Cpl. William H. Secor was the only member of the 2nd Vermont Infantry killed at the Battle of Antietam. At the time of death, he was carrying two ID discs better known today as “dog tags.” One of the objects eventually found its way to California and in 1955 arrived at the Vermont Historical Society in Montpelier. Thirty-six years later, the author of this article removed Secor’s second ID tag from the sacred soil of Antietam. These two artifacts once owned by the young corporal provided background for the following story.
On a beautiful autumn afternoon — Oct. 18, 1991 — my brother Don and I were pushing our metal detectors over a cedar-covered ridge just north of the Antietam Battlefield. In the shadow of a huge tree, the detector sounded the first good signal of the day. Digging to a depth of 5 inches, I removed a small round piece of brass about the size of a quarter. Rubbing off some of the dirt, I saw a hole on the edge of the token.
After the new find soaked all night in a strong solution of household cleaner to remove some of the corrosion, faint gold letters slowly came into focus: “Corp. Wm Secor / Halfmoon, N.Y. / Co. A / 2nd Reg. / Vt. Vol.” The reverse bore an eagle emblem with the legend: “War of 1861 / United States.”
During the Civil War years, before official Army dog tags, these patriotic keepsakes were sold to soldiers by enterprising sutlers. The sutler, using a small hammer and a series of lettered dies, would stamp the soldier’s name, regiment, hometown, etc., into the gold-plated brass disc. Normally paying about 25 cents per pair, the soldier would retain one tag and send the other home to family or a loved one. As any veteran relic hunter will confirm, when it comes to metal-detecting for Civil War artifacts, anything personally ID’d is the ultimate discovery.
Who was Cpl. Secor? Was he married? Where was he buried? A research project became an obsession that would bring the 19th-century warrior to life.
Records of the National Archives state that on May 14, 1861, 21-year-old William Heath Secor enlisted in Company A, 2nd Vermont Regiment at Bennington. Mustered in as a private, he was described as 5 feet 61/4 inches tall, with blue eyes and brown hair. It should be noted that although Secor was from Halfmoon, N.Y., he enlisted in Vermont. It was not unusual for a volunteer to enlist in a neighboring state. Occasionally this was done simply to spend time with friends or relatives who also were going off to war.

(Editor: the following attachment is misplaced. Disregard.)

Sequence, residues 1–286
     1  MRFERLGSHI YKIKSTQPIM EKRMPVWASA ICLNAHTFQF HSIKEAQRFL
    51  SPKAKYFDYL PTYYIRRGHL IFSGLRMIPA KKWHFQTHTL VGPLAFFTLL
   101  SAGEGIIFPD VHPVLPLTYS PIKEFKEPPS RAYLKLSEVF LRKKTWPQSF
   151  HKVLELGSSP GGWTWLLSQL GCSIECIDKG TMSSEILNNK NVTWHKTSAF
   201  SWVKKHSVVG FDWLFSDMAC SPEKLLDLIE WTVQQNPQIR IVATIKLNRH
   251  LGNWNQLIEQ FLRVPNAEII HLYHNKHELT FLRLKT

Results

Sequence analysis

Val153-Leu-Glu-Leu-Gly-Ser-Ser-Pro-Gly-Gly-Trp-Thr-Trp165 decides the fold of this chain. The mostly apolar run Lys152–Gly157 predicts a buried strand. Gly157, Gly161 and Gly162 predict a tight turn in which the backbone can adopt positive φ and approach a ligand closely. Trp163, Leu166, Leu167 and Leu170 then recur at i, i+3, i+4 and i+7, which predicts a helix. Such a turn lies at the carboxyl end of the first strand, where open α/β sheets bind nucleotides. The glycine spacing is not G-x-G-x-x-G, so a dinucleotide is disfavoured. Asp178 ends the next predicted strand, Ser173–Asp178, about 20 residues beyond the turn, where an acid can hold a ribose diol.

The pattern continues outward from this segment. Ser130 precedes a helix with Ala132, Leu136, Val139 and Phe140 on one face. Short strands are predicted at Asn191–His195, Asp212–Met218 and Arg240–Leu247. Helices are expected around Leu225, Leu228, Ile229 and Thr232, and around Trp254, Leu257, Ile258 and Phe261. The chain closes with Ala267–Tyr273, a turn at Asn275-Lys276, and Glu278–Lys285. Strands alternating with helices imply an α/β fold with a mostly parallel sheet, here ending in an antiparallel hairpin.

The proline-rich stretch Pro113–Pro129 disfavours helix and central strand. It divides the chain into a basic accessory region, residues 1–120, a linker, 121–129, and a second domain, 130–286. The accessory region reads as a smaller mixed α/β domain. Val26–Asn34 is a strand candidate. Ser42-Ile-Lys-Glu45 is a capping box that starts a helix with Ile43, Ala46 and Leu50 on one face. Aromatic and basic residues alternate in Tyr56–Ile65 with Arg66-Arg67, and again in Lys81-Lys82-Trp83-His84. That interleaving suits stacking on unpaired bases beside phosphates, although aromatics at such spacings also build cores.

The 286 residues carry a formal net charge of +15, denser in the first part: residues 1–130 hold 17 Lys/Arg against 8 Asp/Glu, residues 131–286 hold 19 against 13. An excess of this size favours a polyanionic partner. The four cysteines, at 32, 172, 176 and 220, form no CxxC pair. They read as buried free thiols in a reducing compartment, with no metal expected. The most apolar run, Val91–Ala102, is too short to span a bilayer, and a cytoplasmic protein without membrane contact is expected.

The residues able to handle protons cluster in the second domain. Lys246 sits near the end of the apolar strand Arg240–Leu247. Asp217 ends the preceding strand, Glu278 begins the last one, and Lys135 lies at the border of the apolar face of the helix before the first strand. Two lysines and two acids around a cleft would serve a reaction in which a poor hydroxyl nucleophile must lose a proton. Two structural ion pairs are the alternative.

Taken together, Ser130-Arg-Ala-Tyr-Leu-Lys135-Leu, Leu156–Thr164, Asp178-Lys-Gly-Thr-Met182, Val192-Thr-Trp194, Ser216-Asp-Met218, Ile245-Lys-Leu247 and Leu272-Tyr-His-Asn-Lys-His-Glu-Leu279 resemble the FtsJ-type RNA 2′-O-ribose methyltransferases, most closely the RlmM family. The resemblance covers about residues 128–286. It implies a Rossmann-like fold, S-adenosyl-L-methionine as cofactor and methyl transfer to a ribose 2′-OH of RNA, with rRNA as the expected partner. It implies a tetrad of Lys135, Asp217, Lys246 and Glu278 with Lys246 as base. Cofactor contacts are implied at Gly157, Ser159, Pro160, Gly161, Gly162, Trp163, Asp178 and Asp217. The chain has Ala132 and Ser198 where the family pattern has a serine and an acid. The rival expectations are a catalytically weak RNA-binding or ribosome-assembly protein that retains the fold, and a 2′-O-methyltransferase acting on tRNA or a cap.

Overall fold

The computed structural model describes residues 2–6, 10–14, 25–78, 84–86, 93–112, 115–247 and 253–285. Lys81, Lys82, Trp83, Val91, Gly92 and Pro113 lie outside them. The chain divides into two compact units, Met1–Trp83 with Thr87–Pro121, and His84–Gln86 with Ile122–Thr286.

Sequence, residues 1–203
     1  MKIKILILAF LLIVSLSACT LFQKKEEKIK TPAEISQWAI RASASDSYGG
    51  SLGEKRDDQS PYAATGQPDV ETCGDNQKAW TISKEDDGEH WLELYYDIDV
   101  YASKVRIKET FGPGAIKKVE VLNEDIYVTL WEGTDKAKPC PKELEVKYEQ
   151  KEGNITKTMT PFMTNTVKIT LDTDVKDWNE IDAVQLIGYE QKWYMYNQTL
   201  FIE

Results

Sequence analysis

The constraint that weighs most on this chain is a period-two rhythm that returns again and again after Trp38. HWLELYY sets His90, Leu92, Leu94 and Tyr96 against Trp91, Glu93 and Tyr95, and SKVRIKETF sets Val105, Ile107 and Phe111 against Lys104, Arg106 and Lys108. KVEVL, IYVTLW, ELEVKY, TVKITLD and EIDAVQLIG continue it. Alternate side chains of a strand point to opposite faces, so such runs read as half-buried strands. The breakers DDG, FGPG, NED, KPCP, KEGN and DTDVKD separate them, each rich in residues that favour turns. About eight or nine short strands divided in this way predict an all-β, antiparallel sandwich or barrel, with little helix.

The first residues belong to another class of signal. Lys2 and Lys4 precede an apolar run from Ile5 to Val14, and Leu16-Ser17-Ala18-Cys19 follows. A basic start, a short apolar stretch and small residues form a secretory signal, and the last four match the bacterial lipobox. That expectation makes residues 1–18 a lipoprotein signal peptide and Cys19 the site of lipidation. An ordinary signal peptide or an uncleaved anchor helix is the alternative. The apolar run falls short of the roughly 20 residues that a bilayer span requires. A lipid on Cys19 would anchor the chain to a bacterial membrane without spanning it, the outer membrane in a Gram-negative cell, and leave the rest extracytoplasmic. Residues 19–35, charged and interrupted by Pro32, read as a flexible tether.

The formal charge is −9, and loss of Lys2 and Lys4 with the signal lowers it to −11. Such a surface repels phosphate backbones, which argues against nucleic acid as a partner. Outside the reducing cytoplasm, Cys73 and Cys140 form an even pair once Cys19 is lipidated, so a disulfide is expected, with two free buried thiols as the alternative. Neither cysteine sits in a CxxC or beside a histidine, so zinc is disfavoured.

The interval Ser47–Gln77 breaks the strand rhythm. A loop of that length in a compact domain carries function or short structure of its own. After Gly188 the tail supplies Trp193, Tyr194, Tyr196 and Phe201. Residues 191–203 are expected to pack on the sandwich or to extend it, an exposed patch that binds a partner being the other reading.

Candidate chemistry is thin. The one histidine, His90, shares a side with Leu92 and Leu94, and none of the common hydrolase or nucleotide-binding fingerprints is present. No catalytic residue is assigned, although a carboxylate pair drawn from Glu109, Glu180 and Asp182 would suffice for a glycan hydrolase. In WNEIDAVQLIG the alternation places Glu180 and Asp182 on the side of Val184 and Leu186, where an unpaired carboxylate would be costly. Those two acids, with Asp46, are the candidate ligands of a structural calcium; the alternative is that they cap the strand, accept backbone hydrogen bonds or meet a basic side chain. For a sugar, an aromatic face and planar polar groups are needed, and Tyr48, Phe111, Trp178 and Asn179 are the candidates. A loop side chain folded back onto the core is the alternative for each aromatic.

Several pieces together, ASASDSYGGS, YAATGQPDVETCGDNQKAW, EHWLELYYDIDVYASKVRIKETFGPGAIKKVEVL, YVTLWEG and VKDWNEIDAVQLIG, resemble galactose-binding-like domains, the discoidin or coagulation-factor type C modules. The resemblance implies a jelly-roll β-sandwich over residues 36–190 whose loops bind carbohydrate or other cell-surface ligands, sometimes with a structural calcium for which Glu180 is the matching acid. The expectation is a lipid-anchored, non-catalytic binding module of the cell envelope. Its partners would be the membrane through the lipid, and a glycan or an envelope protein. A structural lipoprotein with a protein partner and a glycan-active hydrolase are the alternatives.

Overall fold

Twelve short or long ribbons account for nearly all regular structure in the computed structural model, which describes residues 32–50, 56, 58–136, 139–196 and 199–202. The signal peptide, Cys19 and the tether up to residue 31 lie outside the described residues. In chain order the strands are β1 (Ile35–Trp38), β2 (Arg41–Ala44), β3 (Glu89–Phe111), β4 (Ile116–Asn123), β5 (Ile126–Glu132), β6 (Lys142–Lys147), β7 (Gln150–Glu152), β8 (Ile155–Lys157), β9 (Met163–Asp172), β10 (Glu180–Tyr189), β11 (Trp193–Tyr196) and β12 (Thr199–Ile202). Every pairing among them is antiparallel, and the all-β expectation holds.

On July 4, Independence Day 1861, the Bennington Banner paid tribute to the 2nd Vermont Volunteers:
“The material of which the regiment is composed is the very best. The men are young and athletic. Many of them are very tall — a little less than five feet, ten inches. They have been by occupation principally agriculturists; nearly all have been engaged in out of door employments. They are consequently capable of bearing a great amount of fatigue and the intelligent, honest and patriotic expression their countenances bear, indicate that the fame of the Green Mountain Boys will not suffer at their hands.”
The 2nd Vermont was part of the Vermont Brigade, a force composed of five Vermont regiments attached to the 6th Corps, Army of the Potomac. This Federal unit did commendable service early in the war during the Peninsula Campaign in Virginia. Secor was in its number for every engagement.
Early on the damp, misty morning of Sept. 17, 1862, the bloodiest day of the American Civil War began on the rolling land and wood lots just north of Sharpsburg, Md. Around 10 a.m., the Vermont Brigade (William F. Smith’s Division) reached the already bloody, smoking battleground. By this time, the fighting on the Union’s right flank at the Dunkard Church and the Cornfield was cooling off. A determined Rebel force, however, was holding its own in an old sunken farm road to the southeast — soon to be called Bloody Lane.
To give support to Gen. William H. French’s Division (2nd Corps), which was running low on ammunition, the Vermont Brigade was sent forward. Years later, 6th Corps surgeon George T. Stevens remembered: “The Vermonters behaved with their usual gallantry and although frequently subjected to the fire of artillery, they held their ground bravely.”
Finally, the battered Confederates pulled back from the country road, but not before both sides had paid a terrible price. Records of the 2nd Vermont showed “one man killed and several wounded.” The one man killed was Cpl. William H. Secor of Company A. When struck down, Secor was carrying the regimental flag — making an outstanding target for Confederate sharpshooters, who were enjoying a “field day.”
How did the corporal’s identification disc get from Bloody Lane to the cedar hillside where I found it, almost two miles north of the battlefield? There is one plausible explanation.
The area in which we were relic-hunting was known at the time of the battle as the O.J. Smith Farm. An old barn constructed of hand-hewn timber that once stood on the property was used to shelter the wounded from Bloody Lane. It is likely that the mortally wounded Secor was transported there along with countless other casualties to receive medical treatment that in many cases would prove to be fruitless.
After the Battle of Antietam, the Vermont Brigade encamped at Hagerstown, 12 miles north of Sharpsburg. It was there that Lt. E.O. Cole of the 2nd Vermont wrote to Secor’s stepfather in New York:
Camp near Hagerstown, Md.
Sept. 28th 1862
It becomes my painful duty to inform you of the death of Corporal William Secor, Co. A. Vt. Vols. He was wounded in the battle of Antietam on the 17th and died on the 18th day of September. He was buried on the Smith farm near Sharpsburg. At the time he was wounded he was carrying the Colors of his Regt. Which position he had occupied for some time. He had many friends in his Regt. I saw the Chaplain that was with him in his last hours, and he said that it might be of consolation to his friends to know that he lived with a hope in Christ and was resigned to his fate. As a soldier, there was none better. He was always ready and willing. He had some personal property by him at the time of his death, a Testament, money and a diary, besides the things he had in his knapsack. They are at your disposal.